Making bilateral ties special

Making bilateral ties special

Making bilateral ties special

It started with David Cameron coming to India last July, just less than two months after taking over as the Prime Minister of the United Kingdom. As he called India not just a rising power but a responsible global power and endorsed India’s bid for a permanent seat on the United Nations’ Security Council, four months later, US President Barack Obama amid thunderous applause by India’s Members of Parliament, announced in the Central Hall of Parliament that America supported India’s aspiration to be a permanent member on the  international high table.

Less than a month after the high-profile visit of Obama, French President Nicolas Sarkozy landed in Bangalore on December 4 and said it was “unthinkable” that India’s one billion people would not be represented in the Security Council.

Chinese Premier Wen Jiabao came next and supported New Delhi’s aspiration for ‘a greater role’ in the UNSC, albeit stopping short of categorically backing India’s bid for permanent representation. China had till recently been maintaining that it understands India’s desire to play a greater role in the United Nations, but had never supported its bid. Wen, however, indicated a subtle change in Beijing’s position and said that China understands and supports India’s aspiration to play a greater role in the United Nations, including in the Security Council.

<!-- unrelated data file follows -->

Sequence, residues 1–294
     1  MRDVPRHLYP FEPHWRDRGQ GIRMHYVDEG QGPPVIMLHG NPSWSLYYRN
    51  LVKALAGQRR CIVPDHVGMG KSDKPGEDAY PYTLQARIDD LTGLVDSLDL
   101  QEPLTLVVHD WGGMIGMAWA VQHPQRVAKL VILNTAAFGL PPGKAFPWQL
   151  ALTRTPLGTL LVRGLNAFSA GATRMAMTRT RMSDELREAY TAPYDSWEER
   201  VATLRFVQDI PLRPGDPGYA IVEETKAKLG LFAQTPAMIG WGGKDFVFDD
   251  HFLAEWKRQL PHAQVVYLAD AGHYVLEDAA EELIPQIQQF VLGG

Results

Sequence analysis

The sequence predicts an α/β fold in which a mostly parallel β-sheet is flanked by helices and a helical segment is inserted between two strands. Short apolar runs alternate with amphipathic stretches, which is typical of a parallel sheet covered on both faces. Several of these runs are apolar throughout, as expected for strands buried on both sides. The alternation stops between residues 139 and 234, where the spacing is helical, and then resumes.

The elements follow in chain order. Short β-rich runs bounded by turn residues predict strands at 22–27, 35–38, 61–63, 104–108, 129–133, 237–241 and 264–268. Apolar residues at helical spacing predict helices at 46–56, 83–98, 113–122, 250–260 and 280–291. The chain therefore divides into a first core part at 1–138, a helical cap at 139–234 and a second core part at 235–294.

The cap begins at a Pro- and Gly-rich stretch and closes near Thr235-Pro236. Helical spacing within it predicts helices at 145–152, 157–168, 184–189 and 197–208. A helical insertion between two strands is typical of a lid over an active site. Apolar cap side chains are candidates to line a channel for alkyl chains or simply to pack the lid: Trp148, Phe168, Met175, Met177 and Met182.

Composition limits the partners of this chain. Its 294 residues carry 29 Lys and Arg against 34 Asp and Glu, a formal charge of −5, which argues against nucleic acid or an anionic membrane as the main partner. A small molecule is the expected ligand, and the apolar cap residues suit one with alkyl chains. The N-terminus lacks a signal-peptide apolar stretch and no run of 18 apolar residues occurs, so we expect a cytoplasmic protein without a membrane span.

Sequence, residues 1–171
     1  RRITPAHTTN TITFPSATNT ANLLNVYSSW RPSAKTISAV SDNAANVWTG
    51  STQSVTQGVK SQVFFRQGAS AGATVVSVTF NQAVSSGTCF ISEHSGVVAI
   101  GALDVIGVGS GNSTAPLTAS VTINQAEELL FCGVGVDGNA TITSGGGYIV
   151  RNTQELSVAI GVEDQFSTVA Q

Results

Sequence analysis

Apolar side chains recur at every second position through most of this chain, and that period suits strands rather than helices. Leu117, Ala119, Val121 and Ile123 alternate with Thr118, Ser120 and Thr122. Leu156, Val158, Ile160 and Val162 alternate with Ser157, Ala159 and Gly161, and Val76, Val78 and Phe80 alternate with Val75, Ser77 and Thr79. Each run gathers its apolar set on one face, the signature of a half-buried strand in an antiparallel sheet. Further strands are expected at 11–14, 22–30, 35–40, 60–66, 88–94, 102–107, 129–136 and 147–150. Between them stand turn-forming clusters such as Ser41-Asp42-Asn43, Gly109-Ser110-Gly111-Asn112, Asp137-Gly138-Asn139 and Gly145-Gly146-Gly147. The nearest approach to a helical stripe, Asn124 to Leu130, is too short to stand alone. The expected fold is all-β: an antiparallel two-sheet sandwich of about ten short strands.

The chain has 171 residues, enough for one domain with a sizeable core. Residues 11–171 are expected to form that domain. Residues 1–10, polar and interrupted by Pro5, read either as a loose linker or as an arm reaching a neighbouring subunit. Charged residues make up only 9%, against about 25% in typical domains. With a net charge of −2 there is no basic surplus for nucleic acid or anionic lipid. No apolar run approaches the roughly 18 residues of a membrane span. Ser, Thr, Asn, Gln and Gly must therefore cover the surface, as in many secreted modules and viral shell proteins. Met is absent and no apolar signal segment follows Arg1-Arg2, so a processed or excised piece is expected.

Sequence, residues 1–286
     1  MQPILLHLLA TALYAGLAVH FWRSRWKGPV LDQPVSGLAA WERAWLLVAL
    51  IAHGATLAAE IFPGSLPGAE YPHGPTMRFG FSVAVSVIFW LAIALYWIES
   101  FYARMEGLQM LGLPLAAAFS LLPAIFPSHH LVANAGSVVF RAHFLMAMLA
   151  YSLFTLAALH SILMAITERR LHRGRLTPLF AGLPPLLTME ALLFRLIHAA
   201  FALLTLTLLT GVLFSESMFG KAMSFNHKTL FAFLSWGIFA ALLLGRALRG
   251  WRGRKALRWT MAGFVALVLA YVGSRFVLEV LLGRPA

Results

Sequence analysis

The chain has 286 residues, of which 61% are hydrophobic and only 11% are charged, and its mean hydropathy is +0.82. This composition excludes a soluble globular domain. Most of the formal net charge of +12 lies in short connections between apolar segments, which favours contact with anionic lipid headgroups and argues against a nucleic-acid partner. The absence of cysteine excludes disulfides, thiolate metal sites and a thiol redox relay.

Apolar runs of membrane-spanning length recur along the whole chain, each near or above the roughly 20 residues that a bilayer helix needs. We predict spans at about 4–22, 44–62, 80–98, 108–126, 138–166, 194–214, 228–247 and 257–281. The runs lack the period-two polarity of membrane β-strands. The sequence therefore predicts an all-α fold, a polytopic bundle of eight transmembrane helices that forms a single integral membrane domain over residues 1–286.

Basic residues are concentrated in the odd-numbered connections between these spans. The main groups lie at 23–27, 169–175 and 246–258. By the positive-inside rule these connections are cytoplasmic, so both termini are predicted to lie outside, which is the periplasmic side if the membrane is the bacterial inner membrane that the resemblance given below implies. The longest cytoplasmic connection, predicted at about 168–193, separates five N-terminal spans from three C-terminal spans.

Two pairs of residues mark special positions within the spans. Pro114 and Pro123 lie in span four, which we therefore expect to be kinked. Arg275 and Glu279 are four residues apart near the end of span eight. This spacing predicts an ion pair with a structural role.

Prime Minister Manmohan Singh is expecting another guest on December 20 – Russian President Dmitry Medvedev. Russia has already reiterated Moscow’s support for New Delhi’s UNSC ambitions. Medvedev is also likely to invite India to be a full member of the Shanghai Cooperation Organisation, seen as a counterweight to North-Atlantic Treaty Organisation in Central Asia.

So, before 2010 comes to an end, India is likely to have unequivocal endorsements of its UNSC aspirations from the leaders of four P-5 nations – as the five permanent members of the body are generally referred to – as well as a tacit support from the remaining one too.